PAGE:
Obviously this is a powerful argument for the pre-trib position.  But is the Restrainer the Holy Spirit?  Is that what this passage is really saying?  It can be objected that the grammar of the passage makes the identification of the Holy Spirit as the restrainer impossible since the restrainer is masculine and the word for Spirit is neuter.  If the genders are properly interpreted, they need to refer to two different things, albeit coordinated things.   An additional problem is that the Holy Spirit is not explicitly mentioned in the passage.  The gospel is (in chapter 1), and the forces of evil are clearly in the context, but the Holy Spirit is not.

In the most recent revival of this argument, Charles Powell (BibSac 154 [1997]: 321-333) sees the preaching of the Gospel as a part of the restraining force, but settles on the first referring to the Spirit and the second to God, with not contradiction based on the Trinity.   He notes that in John 14:26 the Holy Spirit is called ho paravkletos, a masculine noun referring the neuter pneuma.  This avoids any grammatical difficulties, and sounds quite a bit like I. H. Marshall.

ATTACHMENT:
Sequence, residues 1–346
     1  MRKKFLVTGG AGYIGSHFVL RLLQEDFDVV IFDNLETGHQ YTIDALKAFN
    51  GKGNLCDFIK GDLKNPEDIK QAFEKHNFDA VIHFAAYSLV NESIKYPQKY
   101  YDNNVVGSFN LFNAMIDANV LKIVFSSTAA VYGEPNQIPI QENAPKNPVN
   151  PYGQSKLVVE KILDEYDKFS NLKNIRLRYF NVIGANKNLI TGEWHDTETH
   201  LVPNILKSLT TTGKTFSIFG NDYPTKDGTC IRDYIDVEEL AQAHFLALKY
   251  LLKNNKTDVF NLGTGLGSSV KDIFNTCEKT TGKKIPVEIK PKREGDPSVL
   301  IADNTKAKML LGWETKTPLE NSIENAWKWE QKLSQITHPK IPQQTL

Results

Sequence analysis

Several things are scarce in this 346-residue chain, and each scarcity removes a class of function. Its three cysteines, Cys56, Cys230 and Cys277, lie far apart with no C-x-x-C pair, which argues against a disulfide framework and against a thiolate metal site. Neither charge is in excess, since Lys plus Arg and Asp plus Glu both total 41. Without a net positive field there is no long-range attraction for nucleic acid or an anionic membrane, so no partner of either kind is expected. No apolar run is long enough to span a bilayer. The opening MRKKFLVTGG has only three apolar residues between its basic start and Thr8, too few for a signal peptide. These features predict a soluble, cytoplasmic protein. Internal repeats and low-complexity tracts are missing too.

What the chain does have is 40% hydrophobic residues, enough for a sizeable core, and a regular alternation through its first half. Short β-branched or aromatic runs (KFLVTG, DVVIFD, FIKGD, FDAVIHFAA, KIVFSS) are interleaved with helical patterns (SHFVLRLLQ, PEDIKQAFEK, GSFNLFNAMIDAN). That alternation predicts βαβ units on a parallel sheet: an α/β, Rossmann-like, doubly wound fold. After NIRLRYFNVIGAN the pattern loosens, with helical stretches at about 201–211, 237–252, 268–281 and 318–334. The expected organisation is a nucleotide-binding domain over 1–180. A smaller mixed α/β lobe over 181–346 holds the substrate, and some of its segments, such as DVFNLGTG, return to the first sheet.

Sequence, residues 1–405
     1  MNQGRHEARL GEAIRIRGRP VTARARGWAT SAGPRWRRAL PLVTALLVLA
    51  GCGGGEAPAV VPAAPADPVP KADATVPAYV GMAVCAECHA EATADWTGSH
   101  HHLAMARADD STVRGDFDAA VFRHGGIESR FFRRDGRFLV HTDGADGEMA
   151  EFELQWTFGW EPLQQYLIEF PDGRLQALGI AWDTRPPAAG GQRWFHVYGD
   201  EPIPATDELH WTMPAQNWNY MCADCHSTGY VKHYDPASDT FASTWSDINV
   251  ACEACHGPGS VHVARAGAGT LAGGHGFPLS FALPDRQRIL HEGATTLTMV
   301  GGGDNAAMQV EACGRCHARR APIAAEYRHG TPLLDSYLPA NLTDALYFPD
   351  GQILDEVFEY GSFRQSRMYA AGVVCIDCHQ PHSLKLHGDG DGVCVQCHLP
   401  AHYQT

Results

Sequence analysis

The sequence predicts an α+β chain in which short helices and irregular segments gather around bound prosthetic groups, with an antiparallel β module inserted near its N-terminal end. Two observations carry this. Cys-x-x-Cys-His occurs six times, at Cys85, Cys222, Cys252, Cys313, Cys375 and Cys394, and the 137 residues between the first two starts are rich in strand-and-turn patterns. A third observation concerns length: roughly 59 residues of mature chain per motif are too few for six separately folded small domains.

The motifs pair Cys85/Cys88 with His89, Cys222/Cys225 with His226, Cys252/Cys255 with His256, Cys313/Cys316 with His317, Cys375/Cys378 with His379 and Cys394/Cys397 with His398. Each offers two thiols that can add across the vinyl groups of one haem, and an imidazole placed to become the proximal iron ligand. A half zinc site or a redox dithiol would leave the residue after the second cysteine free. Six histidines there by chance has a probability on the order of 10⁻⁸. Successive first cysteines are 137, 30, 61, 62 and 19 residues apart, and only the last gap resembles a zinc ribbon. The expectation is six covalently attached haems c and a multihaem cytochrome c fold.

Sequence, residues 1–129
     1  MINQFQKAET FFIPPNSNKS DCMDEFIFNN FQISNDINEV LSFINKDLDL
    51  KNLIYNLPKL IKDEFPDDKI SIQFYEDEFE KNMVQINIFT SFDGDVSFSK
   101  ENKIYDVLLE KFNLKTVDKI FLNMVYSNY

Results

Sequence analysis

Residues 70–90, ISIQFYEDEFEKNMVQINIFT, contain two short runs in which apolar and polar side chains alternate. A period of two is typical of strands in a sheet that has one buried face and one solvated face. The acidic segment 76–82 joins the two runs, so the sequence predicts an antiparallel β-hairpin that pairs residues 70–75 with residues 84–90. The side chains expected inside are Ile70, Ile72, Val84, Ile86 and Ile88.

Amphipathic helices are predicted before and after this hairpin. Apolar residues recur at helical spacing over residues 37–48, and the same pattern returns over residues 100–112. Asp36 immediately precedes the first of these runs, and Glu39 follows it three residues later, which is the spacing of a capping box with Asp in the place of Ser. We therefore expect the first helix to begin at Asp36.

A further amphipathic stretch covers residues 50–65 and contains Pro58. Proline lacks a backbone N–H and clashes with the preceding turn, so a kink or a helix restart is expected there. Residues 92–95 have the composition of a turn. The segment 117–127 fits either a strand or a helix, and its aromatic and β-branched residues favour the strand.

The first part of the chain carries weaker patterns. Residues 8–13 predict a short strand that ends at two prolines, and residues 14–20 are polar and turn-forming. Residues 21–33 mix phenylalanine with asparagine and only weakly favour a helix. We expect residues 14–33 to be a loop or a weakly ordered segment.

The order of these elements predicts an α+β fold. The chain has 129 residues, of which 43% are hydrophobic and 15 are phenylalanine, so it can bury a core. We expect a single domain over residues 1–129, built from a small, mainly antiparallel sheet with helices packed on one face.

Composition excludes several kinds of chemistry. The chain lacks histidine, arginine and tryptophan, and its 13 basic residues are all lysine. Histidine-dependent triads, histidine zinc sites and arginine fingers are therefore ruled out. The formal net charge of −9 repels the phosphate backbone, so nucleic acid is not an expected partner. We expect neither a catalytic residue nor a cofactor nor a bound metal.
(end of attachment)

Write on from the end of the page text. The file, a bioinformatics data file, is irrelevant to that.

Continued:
It may be objected that the Old Testament very clearly indicates that the Holy Spirit will be active in the tribulation (Joel 2, for example.)  If he is removed at the beginning of the Tribulation, how can he be “poured out” as Joel predicts?  It is possible to argue that the restraining function of the Spirit through the Body of Christ will end at the rapture, although the functions of empowerment for ministry or prophecy will remain.  Obviously God, who is omnipresent, cannot be “removed,” therefore there is some sort of shift in activities, such as at the time of the Flood.

Therefore it is best to conclude that the Restrainer power is God, through the Holy Spirit and the positive effects of the preached Gospel.  The Spirit is active in the world as a preserving agent, a ministry that will end at the time of the Rapture, allowing the events of the tribulation to unfold.

2 Thessalonians – The Situation in Thessalonica

[Audio for this study is available at, as is a PDF copy of the notes. You may right-click and “save as….” ]

Why is Paul writing the church at Thessalonica another letter? The consensus answer is that the church received a letter claiming to come from Paul has circulated to the church. This letter claimed that the “Day of the Lord” has already occurred. Paul writes to calm their fears and to assure then that the Day of the Lord has not yet arrived since the “Man of Lawlessness” has not been revealed.